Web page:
While over two dozen countries around the world officially employ compulsory voting, less than half of them actually enforce it. Along with Singapore and a handful of South American countries, Australia is right in there in this enforced voting minority.

Being compelled to vote has often meant that I have had to do so at rather untimely moments. When I was nineteen, I was running late to catch a plane out of New South Wales and when I got to the airport, I saw all the polling booths lined up and realised I had almost forgotten to vote in the State Election. I guessed that I would just have time to cast my vote before I had to head to the boarding gate. This was the first time I'd ever had to vote and in my inexperience, I opted to number all the candidates from my most preferred to my least preferred, rather than choosing the second option; to number my most preferred party with a number 'one' and leave it at that. There were over sixty individual candidates on that list and I spent so long deliberating my order of preference that I almost missed the plane.

Another time, an election coincided with a wedding I was invited to. It turned out that I was the only guest disorganised enough to not have voted in the morning before getting ready for the afternoon nuptials. I ended up having to rush off to the polling booth in between the wedding and the reception, looking more than a little overdressed for the occasion.

         (at least she looks like a bride - I just looked dressed up like a Christmas tree for no good reason!)
                                                                  image source

                                          But I shouldn't complain, it could easily have been worse - I might have had to                                                                          pop to the poll in between swimming lessons ...

image source

In our last West Australian state election, I voted in hospital the day after my daughter was born. Eight years before that, I had also voted in hospital during a Federal Election when I had just given birth to my son. I actually enjoyed voting in hospital. It certainly was a bit of a luxury, having the polling officials carry my voting cards to me as I lay propped up in bed. It definitely beats having to leave the house just to perform that one single errand and therefore having to get changed out of oh-so-comfy but oh-so-inappropriate-for-general exhibition house clothes. At least that's what I was thinking as I dressed myself on Saturday and headed out to exercise my democratic right.

Compared to some of my previous voting incidents, Saturday's voting experience was really quite unremarkable, except that I do consider it a rather commendable achievement in multi-tasking that I managed to do so while bouncing my baby on my other hip while trying to stop her from eating my how-to-vote card. But as I went down to the Town Hall to vote, I thought about how unenthusiastic I was about this whole election business and I suddenly started to feel guilty. I have spoken to many people from Europe who cannot believe that it is compulsory to vote in Australia, but despite how indifferent I was feeling about the election itself, I knew in my heart that it was important to vote and important to do so without complaining.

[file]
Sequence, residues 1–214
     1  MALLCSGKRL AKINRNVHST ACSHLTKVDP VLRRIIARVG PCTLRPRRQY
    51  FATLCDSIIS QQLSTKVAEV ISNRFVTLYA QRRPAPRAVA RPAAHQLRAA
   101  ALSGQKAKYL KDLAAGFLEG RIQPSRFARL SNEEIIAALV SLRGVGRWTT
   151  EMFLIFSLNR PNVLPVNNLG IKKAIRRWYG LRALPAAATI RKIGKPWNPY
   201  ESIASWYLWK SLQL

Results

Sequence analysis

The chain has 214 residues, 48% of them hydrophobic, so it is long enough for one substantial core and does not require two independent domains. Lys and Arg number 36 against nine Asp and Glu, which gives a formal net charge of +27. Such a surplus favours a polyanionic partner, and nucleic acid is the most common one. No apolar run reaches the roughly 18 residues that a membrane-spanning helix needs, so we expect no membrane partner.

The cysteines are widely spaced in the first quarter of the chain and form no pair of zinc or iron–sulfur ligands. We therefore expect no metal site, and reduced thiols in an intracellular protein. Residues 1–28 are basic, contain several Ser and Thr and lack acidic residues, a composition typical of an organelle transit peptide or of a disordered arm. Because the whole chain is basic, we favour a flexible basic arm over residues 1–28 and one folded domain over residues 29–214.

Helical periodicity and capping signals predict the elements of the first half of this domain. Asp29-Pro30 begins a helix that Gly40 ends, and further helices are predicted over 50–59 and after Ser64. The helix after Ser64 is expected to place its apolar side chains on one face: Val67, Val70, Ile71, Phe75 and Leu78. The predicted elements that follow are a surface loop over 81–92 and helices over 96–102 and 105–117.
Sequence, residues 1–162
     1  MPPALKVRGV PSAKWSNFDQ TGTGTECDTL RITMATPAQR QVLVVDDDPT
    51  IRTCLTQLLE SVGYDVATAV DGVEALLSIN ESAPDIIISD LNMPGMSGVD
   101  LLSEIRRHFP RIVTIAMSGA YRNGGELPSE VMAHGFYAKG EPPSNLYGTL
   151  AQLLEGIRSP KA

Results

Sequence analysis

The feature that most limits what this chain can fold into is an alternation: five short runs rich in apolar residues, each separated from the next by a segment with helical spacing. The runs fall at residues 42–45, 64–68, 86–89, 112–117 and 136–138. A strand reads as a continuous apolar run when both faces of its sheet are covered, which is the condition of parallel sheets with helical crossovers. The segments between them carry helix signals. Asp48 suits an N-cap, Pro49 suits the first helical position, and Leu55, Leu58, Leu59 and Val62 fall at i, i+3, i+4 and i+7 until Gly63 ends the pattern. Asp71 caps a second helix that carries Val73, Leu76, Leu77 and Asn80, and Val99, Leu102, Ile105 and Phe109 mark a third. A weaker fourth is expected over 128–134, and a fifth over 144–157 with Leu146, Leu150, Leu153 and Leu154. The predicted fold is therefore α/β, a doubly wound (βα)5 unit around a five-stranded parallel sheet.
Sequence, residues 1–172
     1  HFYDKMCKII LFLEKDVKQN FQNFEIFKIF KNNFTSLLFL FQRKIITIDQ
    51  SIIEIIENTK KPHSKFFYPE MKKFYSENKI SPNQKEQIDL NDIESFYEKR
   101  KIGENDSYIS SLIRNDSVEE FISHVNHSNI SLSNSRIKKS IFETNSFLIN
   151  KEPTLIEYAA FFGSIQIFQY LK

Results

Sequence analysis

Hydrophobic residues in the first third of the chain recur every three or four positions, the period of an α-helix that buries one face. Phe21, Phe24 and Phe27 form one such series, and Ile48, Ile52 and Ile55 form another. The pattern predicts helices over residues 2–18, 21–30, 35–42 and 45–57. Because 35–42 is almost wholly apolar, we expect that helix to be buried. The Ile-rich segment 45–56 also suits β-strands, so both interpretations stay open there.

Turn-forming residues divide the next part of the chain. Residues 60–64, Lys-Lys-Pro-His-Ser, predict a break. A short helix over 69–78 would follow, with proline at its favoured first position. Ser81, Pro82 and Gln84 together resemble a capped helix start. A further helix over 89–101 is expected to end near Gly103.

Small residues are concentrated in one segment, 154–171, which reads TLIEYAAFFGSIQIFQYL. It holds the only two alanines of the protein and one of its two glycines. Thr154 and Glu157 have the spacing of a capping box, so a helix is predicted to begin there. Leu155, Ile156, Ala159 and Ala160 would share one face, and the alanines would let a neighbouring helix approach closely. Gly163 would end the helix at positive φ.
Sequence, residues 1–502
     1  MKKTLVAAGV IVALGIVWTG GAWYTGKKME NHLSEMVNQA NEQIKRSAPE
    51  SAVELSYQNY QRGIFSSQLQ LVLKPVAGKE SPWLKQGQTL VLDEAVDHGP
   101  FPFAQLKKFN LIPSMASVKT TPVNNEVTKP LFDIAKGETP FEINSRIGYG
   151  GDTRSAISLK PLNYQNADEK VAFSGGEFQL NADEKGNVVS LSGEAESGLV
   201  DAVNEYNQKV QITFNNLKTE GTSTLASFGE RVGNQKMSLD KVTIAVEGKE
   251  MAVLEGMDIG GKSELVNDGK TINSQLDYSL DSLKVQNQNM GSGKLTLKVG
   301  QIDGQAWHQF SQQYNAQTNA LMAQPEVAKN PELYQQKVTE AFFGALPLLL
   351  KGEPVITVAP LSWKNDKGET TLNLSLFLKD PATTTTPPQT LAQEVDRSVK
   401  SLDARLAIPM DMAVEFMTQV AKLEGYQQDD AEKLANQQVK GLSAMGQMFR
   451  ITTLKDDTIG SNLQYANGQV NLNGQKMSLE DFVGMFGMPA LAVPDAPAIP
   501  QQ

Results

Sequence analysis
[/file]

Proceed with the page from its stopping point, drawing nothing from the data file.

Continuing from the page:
Why was I thinking this? Because at that moment, two things crossed my mind which made me remember that voting is not just an obligation; it's a privilege.

The first was a conversation I had with my son a couple of weeks ago. We were watching Mary Poppins together for about the eleventh time and he turned to me and said "Mum, why is she singing and dancing about women voting?"

                                                                     image source

"Because women haven't always been allowed to vote", I told him.

He looked at me as if I'd just said "women weren't always allowed to sit at the dinner table and eat with the rest of the family", and I am happy that what I said seemed so incredulous to him; it's living proof that our social belief systems surrounding women really are changing. It also made me think of the incredible lengths that the suffragettes went to to ensure that their daughter's daughter would be able to head to the polling booths on election day as if it was the most natural thing in the world. And here I was doing just that, taking the whole thing for granted.

The second thing that I remembered (and that I doubt I will ever forget) was a story that a man told to my Politics class in my second last year of high school on an excursion to Parliament House. He said "whether or not you agree with compulsory voting is entirely your opinion, but I want to tell you story about a friend of mine who was a journalist in South Africa covering the 1994 general Election, the first non-racial, democratic election ever to occur in the country:

From the 26th to the 29th of April, almost 20 million people passed through the polling booths. People queued for hours in the blazing sun just to cast their vote. Some of these people had been waiting in line for over nine hours. My friend started to talk to some of the indigenous men and women. He wanted to know how they were feeling on this momentous day.

                                                                    image source

'I admire your enthusiasm so much', he said to an old man in the queue, 'I can't believe you have been waiting to vote for nine hours'.

The man looked at him and replied:

'We have not been waiting for nine hours, my friend. We have been waiting for three hundred years'. "


If you were one of the lovely people who previously commented on this post, I just want you to know that I did not delete your comments. I transferred the URL of my blog and in the process lost every single one of the comments ever made on my blog. I transferred it back to blogger and the comments returned, except for the ones made during the time I had a .com address. Learn from my mistake - if you have google+ comments enabled and you transfer your blog domain,  you will lose all your comments!